What is Subdomain
A subdomain is a part of your main domain name that is separate from it. Subdomains are used to organize and navigate your website’s various sections. On your main domain, you can create multiple subdomains or child domains.
Consider the following scenario:
In this case, the subdomain is ‘store,’ the primary domain is ‘yourwebsite,’ and the top level domain is ‘.com’ (TLD). You can use any text as your subdomain, as long as it’s simple to type and remember.
Subdomains are used for a variety of reasons by businesses. Let’s take a look at some of the most common subdomain uses.
Subdomain Use Cases
A subdomain is most commonly used to create a testing or staging version of a website. Developers frequently test new plugins and updates on a subdomain staging site before making them public.
A subdomain is also commonly used to create an online eCommerce store. Because eCommerce sites are typically more complex to set up, companies often want a separate subdomain to handle transactions.
Companies have also used subdomains to create mobile websites (m.yoursite.com), location-specific sites (uk.yoursite.com), and website sub-sections.
You can install WordPress on your subdomain and have it function independently of your main website.
Subdomains such as ‘guest.yourwebsite.com,’ ‘user.yourwebsite.com,’ and others can be used to serve a specific group of users on your site. Users can create custom websites using website builder platforms such as WordPress.com, Blogger.com, and others.
Subdomains can help you organize your content more effectively on your website. The SEO of your main website is unaffected by the proper use of subdomains. When in doubt, however, we advise keeping everything in the same domain and avoiding using subdomains for public sites.
What Is a Subdomain and How Do I Make One?
In your domain registrar or WordPress hosting account, you can easily create a subdomain. In this example, we’ll use Bluehost to create a subdomain, but the process is the same across all platforms.
You must first log in to your Bluehost account in order to create subdomains. Then, on the left, select the “Domains” tab. This will bring up a submenu with a variety of options.
On the list, select the “Subdomains” tab.
Your domain name can be found in the right-hand field. If your web hosting account only has one domain, you won’t need to make any changes. If you have more than one domain, the drop-down menu will show them all. We only have one domain in our example, “yourdomain.org.”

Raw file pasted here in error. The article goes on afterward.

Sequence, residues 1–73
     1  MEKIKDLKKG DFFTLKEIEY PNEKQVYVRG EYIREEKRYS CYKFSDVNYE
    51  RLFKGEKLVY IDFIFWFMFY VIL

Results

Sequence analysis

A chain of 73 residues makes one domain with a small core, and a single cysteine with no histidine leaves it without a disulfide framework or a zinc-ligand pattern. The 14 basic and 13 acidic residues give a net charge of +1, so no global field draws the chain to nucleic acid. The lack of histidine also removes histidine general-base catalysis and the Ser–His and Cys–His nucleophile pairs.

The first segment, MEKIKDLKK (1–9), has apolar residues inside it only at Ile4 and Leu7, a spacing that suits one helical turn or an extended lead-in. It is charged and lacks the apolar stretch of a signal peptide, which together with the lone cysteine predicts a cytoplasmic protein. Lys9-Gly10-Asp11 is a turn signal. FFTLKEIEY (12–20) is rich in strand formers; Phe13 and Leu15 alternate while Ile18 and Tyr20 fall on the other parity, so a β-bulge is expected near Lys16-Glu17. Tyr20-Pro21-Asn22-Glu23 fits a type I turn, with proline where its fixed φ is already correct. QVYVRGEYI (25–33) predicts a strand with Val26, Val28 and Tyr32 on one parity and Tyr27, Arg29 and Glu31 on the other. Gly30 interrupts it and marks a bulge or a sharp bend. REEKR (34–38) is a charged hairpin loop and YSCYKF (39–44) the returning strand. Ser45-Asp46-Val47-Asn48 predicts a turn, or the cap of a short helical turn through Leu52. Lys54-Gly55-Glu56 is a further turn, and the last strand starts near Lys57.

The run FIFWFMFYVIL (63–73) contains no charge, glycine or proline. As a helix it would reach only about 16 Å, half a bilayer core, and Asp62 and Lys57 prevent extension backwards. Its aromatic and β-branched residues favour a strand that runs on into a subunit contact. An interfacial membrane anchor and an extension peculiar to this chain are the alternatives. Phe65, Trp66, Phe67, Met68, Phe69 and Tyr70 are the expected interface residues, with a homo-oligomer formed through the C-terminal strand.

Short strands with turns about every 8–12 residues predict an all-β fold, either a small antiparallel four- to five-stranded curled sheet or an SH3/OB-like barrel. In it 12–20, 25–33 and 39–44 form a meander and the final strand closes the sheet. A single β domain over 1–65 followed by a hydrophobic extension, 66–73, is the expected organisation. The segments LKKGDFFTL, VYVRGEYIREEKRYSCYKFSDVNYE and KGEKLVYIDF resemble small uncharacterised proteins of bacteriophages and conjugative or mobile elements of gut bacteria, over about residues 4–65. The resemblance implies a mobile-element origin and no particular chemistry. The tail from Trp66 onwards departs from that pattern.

Then, in the field on the right, type a name for your new subdomain. You can enter anything you want, such as a blog, gallery, or store. We’ll use the term “demo” in this example.
After you’ve typed in your subdomain’s name, click the “Create” button.
Your new subdomain will appear at the bottom of the screen right away. Your subdomain address will now appear in the domain name’s address bar. It went from “yourdomain.com” to “demo.yourdomain.com” in our example. You’ll notice that the home folder field for your new subdomain automatically fills in with your new subdomain’s name.
Congratulations! Your first subdomain has just been created.
Subdomains vs. Subdirectories: Which is Better for SEO?
Subdomains and subdirectories are treated differently by search engines. Let’s take a look at why this is so, and how using subdomains versus a subdirectory affects SEO.
Google and other search engines treat subdomains as if they were separate websites. This means that each subdomain must be crawled and indexed separately by search engines.
Remember that the “link juice” generated by backlinks to your main site is not shared between your domain and subdomains. It’s just as difficult to get page rank for keywords for a subdomain as it is for a separate website.
Only use subdomains if you have a compelling reason to do so. Subdomains can be used to rank for different keywords, target a specific market, reach a different location, or serve a different language than your main website.
Files under your primary domain are found in subdirectories. Subdirectories are not treated as separate sites by Google or other search engines, so “link juice” and SEO are shared between your domain and subdirectories.
Subdirectories will help you rank your website faster than subdomains for bloggers, startups, and small businesses with limited time and resources.
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